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Brainerd Police Sgt. Joy Larson (front, left) and Amber Haapajoki-Hahn (back), B

Clean-up blitz hits downtown

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They’re trying to improve downtown Brainerd one step at a time.

That first step was taken Wednesday when a group of downtown Brainerd business owners and community members armed themselves with large rolls of plastic garbage bags and working gloves. The group’s task was to clean up litter along Front, Laurel and Maple Streets from South Sixth through South Ninth streets.

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And the garbage they found ranged from broken car parts, empty and full beer bottles, plastic bottles, broken twigs and branches and an abundant amount of cigarette butts.

Bonnie Cumberland, a Brainerd City Council member who helped organize the clean-up, helped out as a citizen. Cumberland said a group of residents and downtown business owners met to come up with ideas on how to change the negative perception some people may have of downtown Brainerd. Cumberland said the hope is to make downtown Brainerd more welcoming, cleaner and a safer place to bring more people to the area.

Amber Haapajoki-Hahn, Brainerd Main Street director, said the plan is to have the last Wednesday of the month be downtown Brainerd clean-up day. Haapajoki-Hahn said the monthly clean-up project will be under the wing of Brainerd Main Street.

“This is a positive start for us,” said Haapajoki-Hahn. “There have been some negative incidents downtown Brainerd and this (clean-up) is a positive thing.”

Haapajoki-Hahn said each monthly clean-up day will focus on a certain section of the downtown area to help accommodate people’s busy schedules. The time for the clean-up projects has not been set, but people who want to help out and pick up litter may contact her at 822-7126.

“One of our goals is to have a downtown Brainerd neighborhood watch,” said Haapajoki-Hahn. “We also want to get more events planned downtown. This will all be a good thing. This (downtown) district is important.”

A handful of business representatives got their hands dirty Wednesday. Paula Zelinske of Yesterday’s Gone said it was nice to see all the business owners working together for downtown Brainerd.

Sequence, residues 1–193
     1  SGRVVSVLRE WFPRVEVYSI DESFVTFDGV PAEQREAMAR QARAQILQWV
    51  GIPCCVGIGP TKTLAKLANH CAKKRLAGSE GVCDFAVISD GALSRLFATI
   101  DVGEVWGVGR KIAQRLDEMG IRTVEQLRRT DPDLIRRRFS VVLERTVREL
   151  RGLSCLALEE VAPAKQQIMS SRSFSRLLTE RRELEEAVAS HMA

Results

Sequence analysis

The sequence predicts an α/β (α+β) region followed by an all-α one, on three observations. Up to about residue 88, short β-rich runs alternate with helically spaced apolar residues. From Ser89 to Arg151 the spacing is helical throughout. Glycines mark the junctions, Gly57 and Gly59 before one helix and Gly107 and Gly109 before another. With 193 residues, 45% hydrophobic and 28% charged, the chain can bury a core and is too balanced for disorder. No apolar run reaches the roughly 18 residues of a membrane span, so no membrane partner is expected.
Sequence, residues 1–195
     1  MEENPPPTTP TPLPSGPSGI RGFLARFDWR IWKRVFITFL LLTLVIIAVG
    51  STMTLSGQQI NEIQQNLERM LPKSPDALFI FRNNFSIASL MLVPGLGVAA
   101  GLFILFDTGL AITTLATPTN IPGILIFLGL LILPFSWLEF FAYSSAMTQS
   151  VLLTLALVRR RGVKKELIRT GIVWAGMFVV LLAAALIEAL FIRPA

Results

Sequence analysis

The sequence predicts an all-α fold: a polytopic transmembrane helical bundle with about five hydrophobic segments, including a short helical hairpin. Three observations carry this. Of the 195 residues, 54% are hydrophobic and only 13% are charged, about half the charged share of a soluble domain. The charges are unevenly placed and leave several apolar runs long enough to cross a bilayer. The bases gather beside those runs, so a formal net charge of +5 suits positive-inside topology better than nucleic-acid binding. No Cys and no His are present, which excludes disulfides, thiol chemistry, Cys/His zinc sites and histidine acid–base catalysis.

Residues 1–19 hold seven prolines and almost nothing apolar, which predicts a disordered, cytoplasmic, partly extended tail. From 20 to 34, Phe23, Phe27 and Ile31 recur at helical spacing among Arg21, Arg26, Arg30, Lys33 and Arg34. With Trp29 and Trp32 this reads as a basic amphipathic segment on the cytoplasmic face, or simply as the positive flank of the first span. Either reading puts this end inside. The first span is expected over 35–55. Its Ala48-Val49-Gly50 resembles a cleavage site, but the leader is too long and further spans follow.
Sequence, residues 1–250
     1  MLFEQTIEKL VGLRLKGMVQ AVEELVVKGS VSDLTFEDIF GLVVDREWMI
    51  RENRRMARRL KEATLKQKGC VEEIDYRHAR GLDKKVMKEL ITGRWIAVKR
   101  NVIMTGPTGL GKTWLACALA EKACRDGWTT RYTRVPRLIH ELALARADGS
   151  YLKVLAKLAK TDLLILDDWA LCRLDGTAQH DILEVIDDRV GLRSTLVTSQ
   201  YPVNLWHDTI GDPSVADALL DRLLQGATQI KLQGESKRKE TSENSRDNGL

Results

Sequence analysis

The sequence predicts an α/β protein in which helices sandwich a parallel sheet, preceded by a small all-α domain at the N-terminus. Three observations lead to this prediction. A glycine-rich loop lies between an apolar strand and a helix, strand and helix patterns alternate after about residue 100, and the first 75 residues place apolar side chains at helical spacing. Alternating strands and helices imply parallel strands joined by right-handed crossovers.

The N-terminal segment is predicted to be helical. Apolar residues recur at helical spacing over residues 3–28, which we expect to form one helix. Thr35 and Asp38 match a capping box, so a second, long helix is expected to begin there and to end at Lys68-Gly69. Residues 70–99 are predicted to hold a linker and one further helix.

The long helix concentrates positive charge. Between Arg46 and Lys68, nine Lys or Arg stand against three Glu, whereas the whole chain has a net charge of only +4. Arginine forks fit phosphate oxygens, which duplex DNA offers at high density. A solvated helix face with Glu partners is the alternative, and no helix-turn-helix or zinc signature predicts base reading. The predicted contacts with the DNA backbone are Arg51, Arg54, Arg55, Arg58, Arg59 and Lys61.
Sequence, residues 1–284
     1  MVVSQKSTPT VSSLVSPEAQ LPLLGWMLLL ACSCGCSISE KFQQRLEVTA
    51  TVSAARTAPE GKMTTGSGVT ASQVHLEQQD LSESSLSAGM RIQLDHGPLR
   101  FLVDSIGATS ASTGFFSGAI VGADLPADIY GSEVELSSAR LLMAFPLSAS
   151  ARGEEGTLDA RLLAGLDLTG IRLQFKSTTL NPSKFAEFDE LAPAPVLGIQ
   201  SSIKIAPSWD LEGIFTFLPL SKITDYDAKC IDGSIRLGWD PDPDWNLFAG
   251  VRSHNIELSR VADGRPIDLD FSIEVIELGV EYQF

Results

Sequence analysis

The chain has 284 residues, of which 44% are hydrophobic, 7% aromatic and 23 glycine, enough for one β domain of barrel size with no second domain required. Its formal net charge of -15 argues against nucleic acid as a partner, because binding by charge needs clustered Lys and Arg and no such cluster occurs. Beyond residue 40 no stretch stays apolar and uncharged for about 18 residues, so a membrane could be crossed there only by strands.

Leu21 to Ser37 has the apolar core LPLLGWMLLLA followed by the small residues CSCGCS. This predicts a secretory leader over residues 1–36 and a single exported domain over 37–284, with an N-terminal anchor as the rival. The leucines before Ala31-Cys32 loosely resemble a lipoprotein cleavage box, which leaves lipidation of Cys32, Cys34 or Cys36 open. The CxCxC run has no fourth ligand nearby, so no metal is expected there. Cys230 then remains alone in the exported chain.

Matt Hanneken of Hanneken’s Insurance Agency said improving the cosmetics of downtown Brainerd is an investment. Hanneken said the business owners want the community to know that downtown Brainerd is a safe and clean place to do business.

Hanneken said the parking lot at the insurance company has been used by bar  patrons who leave trash that the business has to pick up.

“It’s not a lot, but it is continuous,” he said. “It disturbs me to see when the trees are knocked over.”

Judi Harting of Thrifty White Pharmacy said, “We pick up broken bottles weekly. Yesterday (Tuesday) we picked up three glasses of alcohol. It’s discouraging. We don’t sell alcohol and we always have to clean it up.”

Bob Nystrom of Thrifty and Mark Prince of Brainerd BN Credit Union off South Sixth Street were cleaning up Front Street. Both men said it’s important for all the business owners to get together to help clean-up downtown Brainerd, especially after the city spent millions of dollars in making street improvements.

“We want to make the downtown area more appealing for people,” said Nystrom. “We have a mix of businesses downtown that has changed over the year and we all want to work together and work with the bar owners to make downtown a better place.”

Prince said there will be more lights turned on downtown to make it a safer place .

Brainerd Police Sgt. Joy Larson, who has taken over some of the crime prevention duties after a department specialist retired, also helped pick up litter. Larson said having a safer and cleaner environment is important, as well as having the business owners establish relationships with each other.

JENNIFER STOCKINGER may be reached at jennifer.stockinger@brainerddispatch.com or 855-5851.

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Sarah Nelson
Sarah Nelson joined the Brainerd Dispatch in April 2010 and works as a online reporter, content editor and staff writer. She is a world traveler, accused idealist and California native now braving the winters of Central Minnesota. She believes in the power of human resolve and hopes to be part of something that makes history by bringing an end to injustice in the world. Sarah has worked as a criminal background researcher, high school civics teacher, grant writer, and contributing writer with Causecast.org — tackling every issue from global poverty to bio-degradable bicycles. Her favorite thing about living in Minnesota is July. Sarah left the Brainerd Dispatch in April 2014.
(218) 855-5879
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